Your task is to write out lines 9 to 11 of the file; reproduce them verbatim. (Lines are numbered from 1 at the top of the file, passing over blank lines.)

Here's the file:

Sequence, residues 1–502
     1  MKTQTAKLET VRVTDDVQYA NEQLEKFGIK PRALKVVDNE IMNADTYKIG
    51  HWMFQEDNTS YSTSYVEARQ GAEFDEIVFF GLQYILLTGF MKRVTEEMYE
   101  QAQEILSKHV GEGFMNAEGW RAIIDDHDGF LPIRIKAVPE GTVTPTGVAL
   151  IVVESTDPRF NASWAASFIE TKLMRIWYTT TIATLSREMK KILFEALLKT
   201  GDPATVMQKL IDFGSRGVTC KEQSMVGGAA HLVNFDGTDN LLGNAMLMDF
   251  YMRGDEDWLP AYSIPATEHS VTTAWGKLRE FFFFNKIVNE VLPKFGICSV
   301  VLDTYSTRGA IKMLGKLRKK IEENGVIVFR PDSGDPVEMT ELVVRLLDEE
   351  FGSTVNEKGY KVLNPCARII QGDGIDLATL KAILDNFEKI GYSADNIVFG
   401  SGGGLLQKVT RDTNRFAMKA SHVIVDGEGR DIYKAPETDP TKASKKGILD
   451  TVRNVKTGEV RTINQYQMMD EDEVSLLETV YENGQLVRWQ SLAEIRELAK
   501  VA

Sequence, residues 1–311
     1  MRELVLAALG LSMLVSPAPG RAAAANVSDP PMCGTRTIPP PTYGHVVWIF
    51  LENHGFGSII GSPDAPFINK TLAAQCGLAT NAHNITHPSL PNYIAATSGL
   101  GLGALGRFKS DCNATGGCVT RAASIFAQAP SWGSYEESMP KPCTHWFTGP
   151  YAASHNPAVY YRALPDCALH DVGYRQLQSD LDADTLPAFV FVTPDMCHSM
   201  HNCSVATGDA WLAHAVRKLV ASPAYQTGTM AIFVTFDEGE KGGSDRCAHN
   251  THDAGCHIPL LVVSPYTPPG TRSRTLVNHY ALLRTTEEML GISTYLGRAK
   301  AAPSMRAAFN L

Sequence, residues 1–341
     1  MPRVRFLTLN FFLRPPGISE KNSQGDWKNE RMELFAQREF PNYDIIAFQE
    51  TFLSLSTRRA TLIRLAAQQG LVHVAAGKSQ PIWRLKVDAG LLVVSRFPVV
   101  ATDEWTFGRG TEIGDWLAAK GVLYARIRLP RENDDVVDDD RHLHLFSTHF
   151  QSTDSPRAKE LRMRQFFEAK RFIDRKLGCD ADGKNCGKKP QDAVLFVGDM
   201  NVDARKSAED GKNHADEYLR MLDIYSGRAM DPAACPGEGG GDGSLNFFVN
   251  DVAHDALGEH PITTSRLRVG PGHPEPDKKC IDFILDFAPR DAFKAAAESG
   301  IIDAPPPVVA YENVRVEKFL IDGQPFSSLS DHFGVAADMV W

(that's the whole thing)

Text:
   351  FGSTVNEKGY KVLNPCARII QGDGIDLATL KAILDNFEKI GYSADNIVFG
   401  SGGGLLQKVT RDTNRFAMKA SHVIVDGEGR DIYKAPETDP TKASKKGILD
   451  TVRNVKTGEV RTINQYQMMD EDEVSLLETV YENGQLVRWQ SLAEIRELAK